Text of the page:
At some point, the U.S. House of Representatives will attempt a do-over on President Barack Obama’s request for fast-track trade authority.
The deal stalled last week when Democrats led by Minority Leader Nancy Pelosi turned on Obama. Now, Democrats should show faith in their president, lame duck though he may be, and find a way to grant him the authority he seeks to negotiate a Pacific Rim trade pact. Republicans will need to bend further.
We don’t yet take a stand on the trade agreement, though we believe that freer trade could benefit farmers, the Silicon Valley and Hollywood. Details of the treaty aren’t public. The lack of transparency is one of its problems.
We are concerned that the deal could suppress wages and cost jobs, and that U.S. manufacturers would be placed at a disadvantage because they must comply with stricter environmental standards than some other nations in the 12-nation pact.
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But as we wrote last month, globalization is here. The U.S. needs to be able to shape and steer the system in ways that boost our economy.
A deal could be especially beneficial for California, which exported $174 billion in goods last year. Three of the state’s major trading partners, Mexico, Canada and Japan, are part of the 12-nation Trans-Pacific Partnership.
We have a hard time believing that next president – former Secretary of State Hillary Clinton, former Florida Gov. Jeb Bush, Wisconsin Gov. Scott Walker or any of the other candidates – would take a stronger stand than Obama on the side of labor and the environment. He owes his presidency in no small measure to labor.
Once burned by the North American Free Trade Agreement negotiated by President Bill Clinton, union leaders are adamant in their opposition to the fast-track authority and the treaty, fearing more losses of blue-collar jobs.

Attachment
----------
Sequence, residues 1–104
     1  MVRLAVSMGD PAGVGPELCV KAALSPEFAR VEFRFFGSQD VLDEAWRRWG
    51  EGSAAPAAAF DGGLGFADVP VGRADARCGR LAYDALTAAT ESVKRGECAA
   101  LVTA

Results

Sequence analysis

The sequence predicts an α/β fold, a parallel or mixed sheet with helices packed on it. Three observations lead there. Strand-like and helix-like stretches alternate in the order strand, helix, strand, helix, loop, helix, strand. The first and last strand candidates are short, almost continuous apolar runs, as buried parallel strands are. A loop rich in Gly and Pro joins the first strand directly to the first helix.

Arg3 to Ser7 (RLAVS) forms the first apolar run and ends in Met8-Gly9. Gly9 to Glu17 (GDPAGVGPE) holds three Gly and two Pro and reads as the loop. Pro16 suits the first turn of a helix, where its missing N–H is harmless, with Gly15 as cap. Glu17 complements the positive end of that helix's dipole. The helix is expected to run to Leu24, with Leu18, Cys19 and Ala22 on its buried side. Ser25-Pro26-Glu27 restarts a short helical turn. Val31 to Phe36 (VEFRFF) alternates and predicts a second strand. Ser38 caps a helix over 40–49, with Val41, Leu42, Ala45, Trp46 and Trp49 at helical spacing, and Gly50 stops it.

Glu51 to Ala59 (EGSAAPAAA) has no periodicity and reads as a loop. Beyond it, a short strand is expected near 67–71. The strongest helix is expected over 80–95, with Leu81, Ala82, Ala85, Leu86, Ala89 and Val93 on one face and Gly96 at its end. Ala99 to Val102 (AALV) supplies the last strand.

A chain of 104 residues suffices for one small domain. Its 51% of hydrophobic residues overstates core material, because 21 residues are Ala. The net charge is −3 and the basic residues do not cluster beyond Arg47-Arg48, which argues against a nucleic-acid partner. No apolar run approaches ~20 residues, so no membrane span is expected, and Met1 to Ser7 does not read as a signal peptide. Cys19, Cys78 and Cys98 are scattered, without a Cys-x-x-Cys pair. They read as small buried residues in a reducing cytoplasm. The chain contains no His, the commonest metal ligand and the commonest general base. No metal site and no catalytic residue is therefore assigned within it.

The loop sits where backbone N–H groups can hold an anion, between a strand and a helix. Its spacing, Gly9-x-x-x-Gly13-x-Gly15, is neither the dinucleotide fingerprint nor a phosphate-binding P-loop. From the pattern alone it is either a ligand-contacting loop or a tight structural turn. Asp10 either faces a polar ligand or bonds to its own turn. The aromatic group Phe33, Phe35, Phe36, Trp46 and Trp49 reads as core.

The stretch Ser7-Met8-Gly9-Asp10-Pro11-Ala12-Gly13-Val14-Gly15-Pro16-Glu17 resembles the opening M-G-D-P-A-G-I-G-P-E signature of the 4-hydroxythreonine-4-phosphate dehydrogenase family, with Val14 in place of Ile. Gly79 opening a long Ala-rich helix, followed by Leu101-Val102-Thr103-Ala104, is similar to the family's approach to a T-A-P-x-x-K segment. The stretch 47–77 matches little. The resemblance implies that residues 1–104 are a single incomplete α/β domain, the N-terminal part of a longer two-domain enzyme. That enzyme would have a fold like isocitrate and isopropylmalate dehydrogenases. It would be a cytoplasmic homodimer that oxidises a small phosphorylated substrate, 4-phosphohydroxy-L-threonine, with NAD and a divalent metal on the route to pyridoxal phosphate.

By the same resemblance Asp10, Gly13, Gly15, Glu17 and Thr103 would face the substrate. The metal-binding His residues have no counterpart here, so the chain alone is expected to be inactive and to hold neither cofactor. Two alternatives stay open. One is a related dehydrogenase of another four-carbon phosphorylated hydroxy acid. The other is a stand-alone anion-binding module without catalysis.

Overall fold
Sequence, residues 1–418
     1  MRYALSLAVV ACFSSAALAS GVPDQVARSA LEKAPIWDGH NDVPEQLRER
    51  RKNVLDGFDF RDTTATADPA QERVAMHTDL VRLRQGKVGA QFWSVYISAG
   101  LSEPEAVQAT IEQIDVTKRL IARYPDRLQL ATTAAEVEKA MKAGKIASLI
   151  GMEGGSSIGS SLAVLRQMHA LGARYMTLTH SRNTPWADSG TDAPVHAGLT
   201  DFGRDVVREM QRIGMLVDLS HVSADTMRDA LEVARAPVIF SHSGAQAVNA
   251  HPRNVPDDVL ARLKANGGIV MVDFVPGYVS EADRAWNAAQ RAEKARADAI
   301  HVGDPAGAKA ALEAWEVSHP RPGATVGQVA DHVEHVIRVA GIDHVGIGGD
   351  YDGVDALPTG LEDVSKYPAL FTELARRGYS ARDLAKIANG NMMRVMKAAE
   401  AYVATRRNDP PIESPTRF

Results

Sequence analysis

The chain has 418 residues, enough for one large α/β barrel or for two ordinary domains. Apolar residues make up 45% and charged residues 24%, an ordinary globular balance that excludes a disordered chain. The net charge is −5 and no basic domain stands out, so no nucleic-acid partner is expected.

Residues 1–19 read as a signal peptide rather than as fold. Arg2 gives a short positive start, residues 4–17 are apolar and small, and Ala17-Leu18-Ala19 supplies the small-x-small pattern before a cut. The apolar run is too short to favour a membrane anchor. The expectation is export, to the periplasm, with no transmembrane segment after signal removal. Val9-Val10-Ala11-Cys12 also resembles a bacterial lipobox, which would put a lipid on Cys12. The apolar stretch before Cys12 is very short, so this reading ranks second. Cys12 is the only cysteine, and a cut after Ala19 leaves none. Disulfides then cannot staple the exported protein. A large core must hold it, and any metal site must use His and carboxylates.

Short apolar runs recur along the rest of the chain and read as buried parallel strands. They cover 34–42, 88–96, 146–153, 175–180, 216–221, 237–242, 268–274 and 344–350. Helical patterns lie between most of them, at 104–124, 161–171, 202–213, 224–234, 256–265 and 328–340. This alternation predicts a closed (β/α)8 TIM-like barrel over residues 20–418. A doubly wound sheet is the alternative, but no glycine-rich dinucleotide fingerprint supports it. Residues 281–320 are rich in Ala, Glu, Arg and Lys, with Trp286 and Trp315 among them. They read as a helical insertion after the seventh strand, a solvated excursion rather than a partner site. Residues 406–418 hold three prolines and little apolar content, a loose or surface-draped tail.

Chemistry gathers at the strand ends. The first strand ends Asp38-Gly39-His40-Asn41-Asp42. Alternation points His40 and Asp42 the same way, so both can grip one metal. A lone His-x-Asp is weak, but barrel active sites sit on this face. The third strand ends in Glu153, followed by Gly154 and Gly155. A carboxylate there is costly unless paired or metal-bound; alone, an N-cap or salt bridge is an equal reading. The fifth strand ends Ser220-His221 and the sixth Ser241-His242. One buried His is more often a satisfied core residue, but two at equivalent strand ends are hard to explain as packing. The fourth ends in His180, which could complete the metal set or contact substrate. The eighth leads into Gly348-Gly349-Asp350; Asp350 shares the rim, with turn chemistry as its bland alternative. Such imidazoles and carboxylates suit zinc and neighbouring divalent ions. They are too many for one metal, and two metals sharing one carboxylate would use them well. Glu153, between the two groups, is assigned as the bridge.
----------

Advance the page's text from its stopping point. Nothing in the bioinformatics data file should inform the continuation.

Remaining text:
Unions are so opposed to the deal that their leaders urged House Democrats to oppose legislation to extend Trade Adjustment Assistance, a labor-supported program to retrain workers who have been thrown out of work because of trade-related dislocation. Obama had won GOP support for a six-year extension of the program, which is due to end in September.
Pelosi’s trepidation is understandable. Any chance Democrats have of regaining the House depends on organized labor’s support. Complicating her situation, Pelosi will need to figure out a way to hold seats of Democrats who supported the deal, including Democratic Reps. Ami Bera of Elk Grove, Jim Costa of Fresno and Scott Peters of La Jolla.
In voting against the package last week, Pelosi said Congress and the president should do more for workers. She also urged Republicans to allow a vote on highway funding legislation, which would help employ construction workers.
Pelosi has been among Obama’s closest allies. She’s also a savvy and experienced negotiator and campaigner. The trade deal certainly is testing her skills and talents. If her brinkmanship results in a fairer deal for workers, we’re supportive. It would, however, be unfortunate if a deal that could help the economy dies a partisan death.